Counting Currency and Coin: Improving Forecasting with Better Observation
Today threats of default, sovereign contagion and credit market freeze are risks a treasurer must heroically manage. Despite this now daily risk and uncertainty, direct measurement of corporate operations is ongoing, using cash as the primary metric. Cash is king because generating cash from operations over time is a wealth-creation principle that sustains business.
Ordinarily, when operations suffer a temporary downturn, a business may be able to buy time through asset sales to raise necessary cash. Credit may or may not be available, and asset markets may or may not be fairly priced, if available at all. Combined with fuzzy cash counting, uncertainty of these economic times leaves the most diligent treasurer challenged to facilitate reliable cash forecasting – a key input for strategy and risk planning.
Good managers prioritise their operating strategy initiatives based on their relative wealth-creating impact. Failure to achieve sufficient cash generation with these strategic decisions means the business may be headed for troubled waters or worse.
Counting currency and coin as accurately as possible is a must for forecasting reliably to drive strategy and tactics.1
Working capital strategy seeks to maximise the efficiency of the value chain throughout the operating cycle. First, inventory management practices must be optimal. Secondly, receivables collection days must be managed for reliable turnaround. Thirdly, payables disbursement must be executed efficiently, identifying and taking discounts where advantageous.
A reliable short – to medium-term (1-90 days) cash forecasting effort requires direct, comprehensive and objective observation of cash inflows and outflows. Categorising these receipts and disbursement transactions at a high level as operating, financing and investing (OFI) activities helps organise the information flow, providing directional help for tracking down root cause of missed or inaccurate observations. The net cash inflow or outflow from each of these activities changes the cash position.
In a technical context, a cash observation function has an information architecture derived from mapping business processes, distilling key data series and items, and defining additional calculated items in a format that allows comprehensive management of cash flows and changes across the enterprise.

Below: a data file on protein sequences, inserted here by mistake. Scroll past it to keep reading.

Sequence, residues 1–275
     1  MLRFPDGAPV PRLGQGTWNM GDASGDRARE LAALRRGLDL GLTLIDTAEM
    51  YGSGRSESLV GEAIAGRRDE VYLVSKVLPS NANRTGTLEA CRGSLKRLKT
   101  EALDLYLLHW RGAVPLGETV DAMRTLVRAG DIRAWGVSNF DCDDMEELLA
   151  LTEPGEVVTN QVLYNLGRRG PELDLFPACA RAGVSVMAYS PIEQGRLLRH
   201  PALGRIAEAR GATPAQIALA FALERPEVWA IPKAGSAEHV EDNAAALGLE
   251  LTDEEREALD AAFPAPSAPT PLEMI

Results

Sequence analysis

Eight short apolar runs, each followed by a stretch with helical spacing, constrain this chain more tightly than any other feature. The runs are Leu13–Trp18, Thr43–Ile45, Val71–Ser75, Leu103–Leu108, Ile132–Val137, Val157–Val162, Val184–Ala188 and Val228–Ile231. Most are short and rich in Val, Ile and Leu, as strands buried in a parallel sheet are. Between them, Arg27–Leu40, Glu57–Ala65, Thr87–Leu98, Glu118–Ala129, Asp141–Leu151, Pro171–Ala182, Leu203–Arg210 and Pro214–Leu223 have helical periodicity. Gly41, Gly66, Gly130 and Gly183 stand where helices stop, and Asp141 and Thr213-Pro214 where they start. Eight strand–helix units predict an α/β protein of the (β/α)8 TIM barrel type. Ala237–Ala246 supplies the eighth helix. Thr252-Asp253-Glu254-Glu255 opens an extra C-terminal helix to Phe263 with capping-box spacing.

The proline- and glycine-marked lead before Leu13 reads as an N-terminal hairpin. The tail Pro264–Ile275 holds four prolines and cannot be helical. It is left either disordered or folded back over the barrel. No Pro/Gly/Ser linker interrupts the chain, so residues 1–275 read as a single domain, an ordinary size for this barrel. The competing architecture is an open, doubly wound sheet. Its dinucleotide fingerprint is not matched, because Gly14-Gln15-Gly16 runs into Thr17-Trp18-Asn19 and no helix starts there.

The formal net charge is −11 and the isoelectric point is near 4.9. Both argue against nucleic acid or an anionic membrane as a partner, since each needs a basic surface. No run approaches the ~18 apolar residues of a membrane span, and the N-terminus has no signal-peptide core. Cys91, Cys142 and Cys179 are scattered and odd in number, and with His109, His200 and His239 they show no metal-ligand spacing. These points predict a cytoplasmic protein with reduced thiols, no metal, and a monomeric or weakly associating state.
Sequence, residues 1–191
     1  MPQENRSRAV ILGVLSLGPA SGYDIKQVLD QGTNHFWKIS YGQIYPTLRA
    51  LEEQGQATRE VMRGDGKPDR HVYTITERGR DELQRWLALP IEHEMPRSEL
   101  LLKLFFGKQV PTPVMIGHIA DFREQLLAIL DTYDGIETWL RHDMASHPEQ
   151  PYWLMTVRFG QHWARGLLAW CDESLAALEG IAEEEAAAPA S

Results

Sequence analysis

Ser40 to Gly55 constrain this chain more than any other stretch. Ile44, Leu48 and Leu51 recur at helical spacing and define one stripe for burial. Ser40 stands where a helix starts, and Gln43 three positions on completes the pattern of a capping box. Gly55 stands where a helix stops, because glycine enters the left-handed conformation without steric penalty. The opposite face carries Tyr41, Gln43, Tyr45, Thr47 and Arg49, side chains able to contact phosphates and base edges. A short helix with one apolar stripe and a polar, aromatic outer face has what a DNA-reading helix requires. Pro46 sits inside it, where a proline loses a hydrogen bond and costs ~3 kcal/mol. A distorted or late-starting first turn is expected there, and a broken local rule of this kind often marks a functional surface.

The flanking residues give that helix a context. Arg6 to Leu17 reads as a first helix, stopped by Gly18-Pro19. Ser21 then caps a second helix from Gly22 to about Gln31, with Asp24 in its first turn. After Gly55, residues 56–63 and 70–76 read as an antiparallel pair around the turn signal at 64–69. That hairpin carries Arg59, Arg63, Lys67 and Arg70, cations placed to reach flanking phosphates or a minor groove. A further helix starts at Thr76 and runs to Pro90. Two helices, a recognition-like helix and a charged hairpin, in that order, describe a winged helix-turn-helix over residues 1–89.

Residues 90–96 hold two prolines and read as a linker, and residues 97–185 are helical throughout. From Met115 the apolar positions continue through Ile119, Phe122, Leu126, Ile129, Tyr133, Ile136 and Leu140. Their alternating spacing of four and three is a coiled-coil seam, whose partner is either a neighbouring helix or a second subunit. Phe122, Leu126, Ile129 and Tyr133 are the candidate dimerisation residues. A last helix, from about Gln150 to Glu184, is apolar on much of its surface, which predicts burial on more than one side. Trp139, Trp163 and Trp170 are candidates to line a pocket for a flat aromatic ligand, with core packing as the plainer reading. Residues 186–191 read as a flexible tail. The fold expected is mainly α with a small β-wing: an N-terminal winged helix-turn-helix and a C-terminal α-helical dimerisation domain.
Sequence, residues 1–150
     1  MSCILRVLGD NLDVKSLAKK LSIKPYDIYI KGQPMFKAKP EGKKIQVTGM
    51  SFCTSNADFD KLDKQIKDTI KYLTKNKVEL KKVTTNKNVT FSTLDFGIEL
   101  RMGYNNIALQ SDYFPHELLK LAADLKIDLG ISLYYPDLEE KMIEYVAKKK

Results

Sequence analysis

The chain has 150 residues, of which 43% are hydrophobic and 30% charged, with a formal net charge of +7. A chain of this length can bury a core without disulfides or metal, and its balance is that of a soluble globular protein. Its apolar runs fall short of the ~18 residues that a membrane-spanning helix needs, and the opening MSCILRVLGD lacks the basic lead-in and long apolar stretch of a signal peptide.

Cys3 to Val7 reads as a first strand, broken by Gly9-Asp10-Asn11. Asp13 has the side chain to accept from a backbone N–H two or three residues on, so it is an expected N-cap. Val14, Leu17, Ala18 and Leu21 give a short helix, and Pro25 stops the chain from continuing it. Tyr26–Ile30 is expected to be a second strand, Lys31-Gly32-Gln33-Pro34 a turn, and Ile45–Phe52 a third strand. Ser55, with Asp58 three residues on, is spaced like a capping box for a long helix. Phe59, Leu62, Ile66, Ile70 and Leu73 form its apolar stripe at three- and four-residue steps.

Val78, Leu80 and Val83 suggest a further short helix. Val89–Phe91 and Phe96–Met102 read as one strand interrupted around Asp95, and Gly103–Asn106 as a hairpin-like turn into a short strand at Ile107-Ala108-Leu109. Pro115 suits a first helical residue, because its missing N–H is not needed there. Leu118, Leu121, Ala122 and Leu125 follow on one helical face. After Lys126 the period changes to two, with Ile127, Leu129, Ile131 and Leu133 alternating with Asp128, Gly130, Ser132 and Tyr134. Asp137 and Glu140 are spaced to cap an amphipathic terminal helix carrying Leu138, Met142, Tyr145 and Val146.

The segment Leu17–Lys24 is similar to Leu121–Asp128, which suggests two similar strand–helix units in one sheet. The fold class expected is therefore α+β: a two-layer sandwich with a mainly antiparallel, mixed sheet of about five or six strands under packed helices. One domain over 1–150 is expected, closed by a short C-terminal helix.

Another key technical element is pooling. The manner and method of pooling implementation is critical to efficient information flow for organisations with multiple bank relationships. Effective pooling facilitates timely and transparent information flows, e.g. currency translation or regional cash availability unobstructed by country capital controls.
If you have experienced chronic issues with lack of cash item information, big surprise adjustments, or bad data in any of the OFI areas, consider using a free master data management (MDM) tool, e.g. talent to jumpstart an ‘observation excellence’ effort in your enterprise.
Steps to initiate such an effort are outlined as follows:
Management needs accurate cash position observations to efficiently manage the timing of receiving accrual-based payments, non-discretionary outflow disbursements, variable growth disbursements, discretionary capital investments and strategy planning. Inefficient and chronically inaccurate cash observation is not an option for a manager hoping to run a sustainable business.
While many daily cash position tracking strategies will start with an empty sheet, spend most of the period monitoring events and then try to reconcile at the end of the period all relevant transactions, a good observer practice will be to start with previous period values, maintain a list of expected transactions with approximate values and confirm execution and amounts throughout the period while identifying unexpected cash events. An observer would want to estimate in advance, at the very least, the major cash inflows and outflows by size.
In Figure 1, key data series and items are presented by category. This is a rudimentary information architecture for identifying observable cash inflow and outflows. Depending on the complexity and industry of your enterprise, an ‘observation excellence’ effort may define a substantially more comprehensive information architecture for your cash tracking system.2